The 2017 sailing crew moved aboard on Saturday, February 25. The winter maintenance crew left on Sunday, February 26. The transition is different this time around—typically one period of time ends a few days before another period of time begins. This time, for the first time, they overlapped. The last day of winter maintenance was the first day for the sailing crew—an interesting new management experience.

A day made more interesting by the presence of Boy Scout Troop #35, sponsored by Baltimore’s The Church of the Redeemer, to lend manpower to a strategy for a “rapid” uncovering of the Quonset-like spar shed…”Sparlandia”…as well the ship’s winter cover. Typically, the sailing crew do the uncovering; it usually takes about a week. This time they, along with the others, are working to execute a “great uncovering” in the mere two days of this last weekend of February.

The plan seems to be working, but weather has impacted it. Yesterday (Saturday) a pretty intense cold front passed over. The threat of heavy squalls prevented getting a start on dismantling the ship’s winter cover. Meanwhile, Sparlandia did come down in a very orderly fashion ahead of the late afternoon squalls.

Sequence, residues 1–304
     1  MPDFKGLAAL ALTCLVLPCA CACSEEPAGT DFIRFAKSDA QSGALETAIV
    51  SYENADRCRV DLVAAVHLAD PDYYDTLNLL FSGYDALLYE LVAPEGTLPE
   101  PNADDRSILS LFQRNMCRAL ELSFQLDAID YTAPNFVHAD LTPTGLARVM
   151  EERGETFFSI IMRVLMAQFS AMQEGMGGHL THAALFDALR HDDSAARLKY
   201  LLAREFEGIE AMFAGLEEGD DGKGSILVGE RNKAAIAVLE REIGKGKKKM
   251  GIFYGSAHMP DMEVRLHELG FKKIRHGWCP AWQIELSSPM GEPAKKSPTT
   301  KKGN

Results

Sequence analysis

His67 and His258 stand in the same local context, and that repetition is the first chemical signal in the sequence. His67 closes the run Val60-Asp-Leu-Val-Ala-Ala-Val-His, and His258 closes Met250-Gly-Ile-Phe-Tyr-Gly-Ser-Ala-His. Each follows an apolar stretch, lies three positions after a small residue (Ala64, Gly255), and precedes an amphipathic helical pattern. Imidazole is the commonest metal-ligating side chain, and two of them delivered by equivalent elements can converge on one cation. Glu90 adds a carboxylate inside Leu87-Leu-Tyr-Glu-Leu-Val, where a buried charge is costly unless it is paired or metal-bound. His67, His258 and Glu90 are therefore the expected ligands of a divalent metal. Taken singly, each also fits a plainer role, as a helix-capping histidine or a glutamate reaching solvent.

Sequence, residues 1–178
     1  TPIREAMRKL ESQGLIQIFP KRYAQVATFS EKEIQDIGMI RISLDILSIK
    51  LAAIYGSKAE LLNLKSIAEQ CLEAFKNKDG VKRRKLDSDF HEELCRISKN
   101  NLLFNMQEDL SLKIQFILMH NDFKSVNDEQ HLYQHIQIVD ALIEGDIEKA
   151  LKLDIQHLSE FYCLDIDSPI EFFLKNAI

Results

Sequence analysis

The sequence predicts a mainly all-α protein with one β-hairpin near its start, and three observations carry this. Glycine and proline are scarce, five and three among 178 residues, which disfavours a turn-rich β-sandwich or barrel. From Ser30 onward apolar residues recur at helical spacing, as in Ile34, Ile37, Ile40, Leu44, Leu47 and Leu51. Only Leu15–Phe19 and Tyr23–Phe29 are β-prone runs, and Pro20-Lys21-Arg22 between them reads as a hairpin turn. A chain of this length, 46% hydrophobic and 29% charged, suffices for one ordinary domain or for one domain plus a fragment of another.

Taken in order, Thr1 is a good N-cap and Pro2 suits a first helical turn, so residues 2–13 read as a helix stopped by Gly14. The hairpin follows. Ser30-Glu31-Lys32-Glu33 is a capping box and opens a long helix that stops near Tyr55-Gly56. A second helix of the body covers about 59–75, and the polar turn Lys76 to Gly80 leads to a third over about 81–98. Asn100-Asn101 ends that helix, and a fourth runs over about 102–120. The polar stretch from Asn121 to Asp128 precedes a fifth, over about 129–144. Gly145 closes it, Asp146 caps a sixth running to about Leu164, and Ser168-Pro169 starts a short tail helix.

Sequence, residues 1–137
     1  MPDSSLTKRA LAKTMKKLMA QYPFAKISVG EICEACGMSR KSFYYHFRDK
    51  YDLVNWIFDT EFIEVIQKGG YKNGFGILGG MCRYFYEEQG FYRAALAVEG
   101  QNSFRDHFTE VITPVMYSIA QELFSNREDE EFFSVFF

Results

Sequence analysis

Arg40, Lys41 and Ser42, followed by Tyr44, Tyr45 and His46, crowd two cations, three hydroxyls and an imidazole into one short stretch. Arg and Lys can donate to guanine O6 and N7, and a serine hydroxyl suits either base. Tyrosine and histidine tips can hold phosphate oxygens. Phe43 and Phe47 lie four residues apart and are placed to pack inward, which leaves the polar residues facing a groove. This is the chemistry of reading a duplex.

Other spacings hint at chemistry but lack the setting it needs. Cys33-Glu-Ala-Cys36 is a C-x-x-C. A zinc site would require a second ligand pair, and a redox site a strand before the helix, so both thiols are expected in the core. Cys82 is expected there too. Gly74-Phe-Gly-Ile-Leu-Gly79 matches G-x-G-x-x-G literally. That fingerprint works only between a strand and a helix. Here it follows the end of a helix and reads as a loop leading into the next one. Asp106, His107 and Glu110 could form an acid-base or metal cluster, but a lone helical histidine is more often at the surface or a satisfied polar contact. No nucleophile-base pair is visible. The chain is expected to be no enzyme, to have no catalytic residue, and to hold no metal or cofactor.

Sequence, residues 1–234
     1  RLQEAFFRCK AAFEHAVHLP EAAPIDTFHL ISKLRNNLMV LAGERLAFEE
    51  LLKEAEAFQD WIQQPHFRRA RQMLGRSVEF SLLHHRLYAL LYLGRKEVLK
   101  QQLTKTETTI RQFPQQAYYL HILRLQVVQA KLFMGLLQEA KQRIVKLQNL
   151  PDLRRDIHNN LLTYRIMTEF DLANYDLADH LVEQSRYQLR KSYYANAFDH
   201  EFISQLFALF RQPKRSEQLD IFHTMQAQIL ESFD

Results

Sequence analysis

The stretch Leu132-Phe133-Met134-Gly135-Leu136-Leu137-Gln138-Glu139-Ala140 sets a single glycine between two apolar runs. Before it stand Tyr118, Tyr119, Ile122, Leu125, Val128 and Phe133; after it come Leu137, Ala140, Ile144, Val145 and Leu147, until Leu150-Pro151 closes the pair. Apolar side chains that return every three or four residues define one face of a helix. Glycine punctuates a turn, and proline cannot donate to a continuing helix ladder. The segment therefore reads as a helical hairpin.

Today, the second day, dismantling the ship’s cover has started. First the plastic is to come off in a tidy and as “whole” as possible manner…rather than rip and tear and cut it off. Once off, the fasteners of the wooden frame will be removed or undone so it can be disassembled and taken ashore without damaging the ship. That will take time as it is a fiddly process. Might not get finished today. Not an essential issue. The crew will continue on their own after this weekend and when the Scout troop is gone.

There is no question in my mind, no matter the degree of success today, the overall plan is already proving a viable one. The Boy Scout troop have proved to be the asset imagined; the pace of this uncovering is quite a bit more rapid than it would have been without them. Many thanks to Troop 35!!! The only reason the timing might not work out exactly as imagined is due to weather. As is true in all manner of outdoor activities, a weather delay is part of the normal flow of things. Thus there was, and always is, a certain amount of capacity built into a Pride of Baltimore II plan for absorbing a weather delay.

My compliments to all!


Captain Jan C. Miles